Swissvoice is bringing the 70s back with this L7 Telephone
Because we're so upset with modern, extremely functional smartphones, Swissvoice has come to the rescue with the L7, which "brings the best of the seventies to home phones in 2015." Exactly what that means we couldn't tell you—VCRs? pocket calculators? Star Wars?—but this phone is Charlie's Angels-ready. Courtesy Swissvoice

The International Consumer Electronics Show is an incredible event, showcasing some astoundingly innovative technologies each year. It’s also a place where a lot of weird stuff happens. While scouring the showroom floors at this year’s conference, we encountered various products and technologies that were variously bizarre, outrageous, and a little creepy. Here are the ones that left us scratching our heads the hardest.

Popular Science is covering the coolest, most futuristic, and strangest gadgets and technologies at the 2015 International Consumer Electronics Show in Las Vegas. Catch our complete CES 2015 coverage all week long.


Swissvoice L7 Telephone

Because we’re so upset with modern, extremely functional smartphones, Swissvoice has come to the rescue with the L7, which “brings the best of the seventies to home phones in 2015.” Exactly what that means we couldn’t tell you—VCRs? pocket calculators? Star Wars?—but this phone is Charlie’s Angels-ready.

Robots Dressed As Humans

Robots nearly outnumbered people at CES. Most were adorable and a joy to interact with, but some were incredibly creepy. This female humanoid, for example, was eager to tell you why you should let her into your home—but her pitch (on a loop) always ended with an icy stare forged in the darkest depths of the uncanny valley.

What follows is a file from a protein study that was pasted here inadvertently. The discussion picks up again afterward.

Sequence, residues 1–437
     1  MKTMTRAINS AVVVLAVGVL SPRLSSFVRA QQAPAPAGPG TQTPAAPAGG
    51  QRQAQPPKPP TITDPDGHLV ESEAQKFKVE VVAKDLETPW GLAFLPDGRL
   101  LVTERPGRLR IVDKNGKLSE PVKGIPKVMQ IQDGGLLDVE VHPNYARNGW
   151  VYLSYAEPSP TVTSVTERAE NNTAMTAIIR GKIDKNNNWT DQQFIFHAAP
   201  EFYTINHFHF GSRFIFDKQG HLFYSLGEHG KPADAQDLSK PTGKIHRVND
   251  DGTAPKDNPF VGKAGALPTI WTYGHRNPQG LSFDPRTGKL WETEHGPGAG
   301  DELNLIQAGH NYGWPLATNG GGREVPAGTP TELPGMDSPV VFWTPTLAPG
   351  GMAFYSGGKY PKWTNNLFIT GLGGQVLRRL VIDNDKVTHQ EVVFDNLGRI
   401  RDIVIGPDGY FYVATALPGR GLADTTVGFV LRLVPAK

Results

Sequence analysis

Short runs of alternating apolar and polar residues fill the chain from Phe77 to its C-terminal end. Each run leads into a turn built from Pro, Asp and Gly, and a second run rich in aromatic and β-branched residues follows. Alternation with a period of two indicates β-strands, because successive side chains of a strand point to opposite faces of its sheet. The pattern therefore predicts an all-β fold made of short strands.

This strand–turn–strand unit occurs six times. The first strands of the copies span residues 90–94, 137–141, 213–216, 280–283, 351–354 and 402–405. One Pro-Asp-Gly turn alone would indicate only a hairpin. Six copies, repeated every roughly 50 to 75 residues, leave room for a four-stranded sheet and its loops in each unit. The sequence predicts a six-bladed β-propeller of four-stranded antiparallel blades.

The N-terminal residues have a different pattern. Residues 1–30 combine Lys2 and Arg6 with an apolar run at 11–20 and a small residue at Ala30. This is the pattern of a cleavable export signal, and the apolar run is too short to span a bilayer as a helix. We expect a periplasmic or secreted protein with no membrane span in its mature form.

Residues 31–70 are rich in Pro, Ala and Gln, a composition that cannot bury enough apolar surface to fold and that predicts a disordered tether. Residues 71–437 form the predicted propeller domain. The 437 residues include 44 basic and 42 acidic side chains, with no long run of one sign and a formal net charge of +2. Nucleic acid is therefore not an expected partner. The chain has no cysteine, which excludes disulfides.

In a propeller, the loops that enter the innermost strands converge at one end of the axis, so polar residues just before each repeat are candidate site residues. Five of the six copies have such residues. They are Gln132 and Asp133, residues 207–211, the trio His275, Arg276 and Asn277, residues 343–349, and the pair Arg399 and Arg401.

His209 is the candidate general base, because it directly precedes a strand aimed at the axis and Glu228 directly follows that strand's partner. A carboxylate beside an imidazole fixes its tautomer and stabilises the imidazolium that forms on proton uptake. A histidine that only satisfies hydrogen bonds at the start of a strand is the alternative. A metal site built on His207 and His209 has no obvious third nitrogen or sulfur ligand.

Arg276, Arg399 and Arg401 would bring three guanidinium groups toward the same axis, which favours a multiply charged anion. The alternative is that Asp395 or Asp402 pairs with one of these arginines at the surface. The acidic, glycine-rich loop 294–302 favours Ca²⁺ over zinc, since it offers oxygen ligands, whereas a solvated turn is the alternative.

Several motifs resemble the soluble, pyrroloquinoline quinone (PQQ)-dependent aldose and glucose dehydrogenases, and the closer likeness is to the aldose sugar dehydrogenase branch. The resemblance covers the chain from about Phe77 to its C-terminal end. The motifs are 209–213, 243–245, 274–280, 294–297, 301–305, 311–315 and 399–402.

The Many Stuffed Dogs Modeling Pet Wearables

The Internet of Pets means plenty of new animal wearable electronics. And who better to model them all than stuffed dogs? While there were a few of the flesh-and-blood variety sashaying around the show floor, the noisy, crowded atmosphere was more suited to plushies. So. Many. Plushies.

Bluetooth Air2 Speaker

Your bluetooth speakers might sound great, but can they levitate? The Air2 comes in two pieces—a speaker and a base—with repelling magnets on each end of the circular components. The speaker floats above the base while it plays, and it can also be stuck to metal surface. Although the Air2’s levitation feature might not help it sound any better, it certainly looks much cooler than your average portable speaker.

Sony Walkman ZX2

You might remember when the iconic Sony Walkman cassette player hit the U.S. market. This device, however clunky, paved the way for gadgets like the Apple iPod and more. So you may wonder why on Earth someone would buy a Sony Walkman today. The answer is that they’re looking for a portable high-fidelity audio player, and they’re willing to spend at least $1,200. The new Walkman certainly isn’t for everyone, but when they cost this much—it doesn’t have to be.

Look At Us We’re Working Out And You’re Not

Not even 20,000 steps per day at CES can burn through the greasy convention food we scarfed all week long. Helping us feel worse: the seemingly infinite supply of immaculate people working out on treadmills, bikes, ellipticals, and other torture devices to show off wearable tech. All day long. While smiling for your photographs. At first we felt like Tralfamadorians gawking at some indefatigable alien race. Then we felt fat.